Bereaved mum helps others cope with grief

The mother of Northamptonshire student Laura Hillier, who died suddenly three years ago from a rare heart illness, is coming to terms with her grief by supporting other bereaved families.

The 21-year-old trainee teacher collapsed without warning in her father’s GP practice in Blisworth on June 20, 2003.

Dr Tony Hillier, his wife Joan and their son Mathew, were devastated by her death which came as a bolt from the blue.

Mrs Hillier said she was only able to start putting her life back together after receiving help from the organisation Cardiac Risk in the Young, known as CRY.

She added: “At first I couldn’t do anything. the family was devastated and the whole of Blisworth was. It affected the whole community for a long time.”

But now she has trained as a family bereavement supporter and is helping others going through similar experiences.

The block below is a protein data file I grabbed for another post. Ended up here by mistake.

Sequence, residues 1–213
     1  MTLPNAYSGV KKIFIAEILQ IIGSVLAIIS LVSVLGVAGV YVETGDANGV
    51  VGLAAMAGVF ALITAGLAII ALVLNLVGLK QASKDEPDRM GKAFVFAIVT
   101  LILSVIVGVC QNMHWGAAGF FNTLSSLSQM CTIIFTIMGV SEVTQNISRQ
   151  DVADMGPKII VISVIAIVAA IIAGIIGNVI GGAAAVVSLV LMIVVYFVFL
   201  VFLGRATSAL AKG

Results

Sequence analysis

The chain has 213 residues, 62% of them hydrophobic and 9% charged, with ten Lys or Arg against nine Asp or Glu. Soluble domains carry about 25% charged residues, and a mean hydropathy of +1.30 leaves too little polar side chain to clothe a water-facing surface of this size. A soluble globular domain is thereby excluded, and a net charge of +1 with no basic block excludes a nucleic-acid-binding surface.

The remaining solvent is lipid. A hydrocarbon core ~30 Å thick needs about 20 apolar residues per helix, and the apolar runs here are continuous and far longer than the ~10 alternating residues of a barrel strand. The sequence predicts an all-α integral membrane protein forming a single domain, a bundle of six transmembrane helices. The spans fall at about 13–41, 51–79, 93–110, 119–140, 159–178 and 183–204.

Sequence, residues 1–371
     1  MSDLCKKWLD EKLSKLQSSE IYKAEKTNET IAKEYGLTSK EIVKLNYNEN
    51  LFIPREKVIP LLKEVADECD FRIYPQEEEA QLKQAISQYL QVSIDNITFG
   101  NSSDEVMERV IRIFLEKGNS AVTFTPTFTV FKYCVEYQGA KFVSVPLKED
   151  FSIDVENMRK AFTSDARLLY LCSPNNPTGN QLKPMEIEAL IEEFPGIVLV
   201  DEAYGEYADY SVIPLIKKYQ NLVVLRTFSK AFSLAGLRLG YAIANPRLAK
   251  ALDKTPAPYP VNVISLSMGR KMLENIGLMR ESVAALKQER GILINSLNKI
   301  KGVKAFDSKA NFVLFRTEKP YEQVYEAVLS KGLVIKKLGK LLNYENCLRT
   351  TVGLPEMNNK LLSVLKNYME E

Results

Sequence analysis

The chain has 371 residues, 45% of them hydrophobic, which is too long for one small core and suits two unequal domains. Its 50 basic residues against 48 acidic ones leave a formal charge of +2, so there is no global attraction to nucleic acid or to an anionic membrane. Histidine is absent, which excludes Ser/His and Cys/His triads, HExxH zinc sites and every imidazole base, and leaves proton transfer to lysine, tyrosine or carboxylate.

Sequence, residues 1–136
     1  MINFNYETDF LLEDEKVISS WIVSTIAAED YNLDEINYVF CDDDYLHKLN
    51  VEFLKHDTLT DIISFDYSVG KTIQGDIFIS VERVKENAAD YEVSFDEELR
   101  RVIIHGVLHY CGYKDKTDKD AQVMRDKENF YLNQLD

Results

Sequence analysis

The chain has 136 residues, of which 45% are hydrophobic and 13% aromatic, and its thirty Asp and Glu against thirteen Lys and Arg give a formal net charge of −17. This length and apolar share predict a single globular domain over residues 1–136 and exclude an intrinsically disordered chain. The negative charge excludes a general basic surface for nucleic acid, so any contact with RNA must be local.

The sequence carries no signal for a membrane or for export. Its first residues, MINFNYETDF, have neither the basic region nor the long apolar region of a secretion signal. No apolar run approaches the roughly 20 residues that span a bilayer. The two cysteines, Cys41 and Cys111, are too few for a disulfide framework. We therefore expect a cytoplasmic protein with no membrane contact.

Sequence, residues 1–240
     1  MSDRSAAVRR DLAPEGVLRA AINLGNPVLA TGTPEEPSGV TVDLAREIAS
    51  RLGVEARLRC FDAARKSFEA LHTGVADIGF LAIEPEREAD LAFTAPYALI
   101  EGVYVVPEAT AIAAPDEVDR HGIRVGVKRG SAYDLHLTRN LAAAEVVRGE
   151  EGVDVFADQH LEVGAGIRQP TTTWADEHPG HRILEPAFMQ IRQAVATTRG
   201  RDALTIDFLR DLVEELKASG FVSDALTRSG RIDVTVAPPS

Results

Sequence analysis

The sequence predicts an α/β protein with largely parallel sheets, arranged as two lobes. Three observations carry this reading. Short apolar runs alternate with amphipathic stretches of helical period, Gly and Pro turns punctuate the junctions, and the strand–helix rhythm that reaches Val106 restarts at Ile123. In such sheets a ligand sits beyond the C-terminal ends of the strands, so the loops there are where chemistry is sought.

“Unless you had a child that died it is so difficult for anyone to understand how different it is from any other death. It helps to have someone saying it is quite alright to think you are going mad, because you do.

“The organisation matches people with someone who has a similar story to tell. Helping other people has helped me with my own bereavement.”

CRY, which receives no external funding, is also trying fund research into the sudden deaths of young people from unknown heart conditions.

Some studies have indicated that sudden cardiac death is genetic and can be passed from a parent to a child.

Although it has no symptoms it can be detected through screening if it is known to be in the family and people can be fitted with a pacemaker to prolong their life.

Mrs Hillier said: “Research is so important. There is an awful lot of money being put into the health service at the end stage of heart conditions but no one is looking at what happens to the young and the devastation it causes.”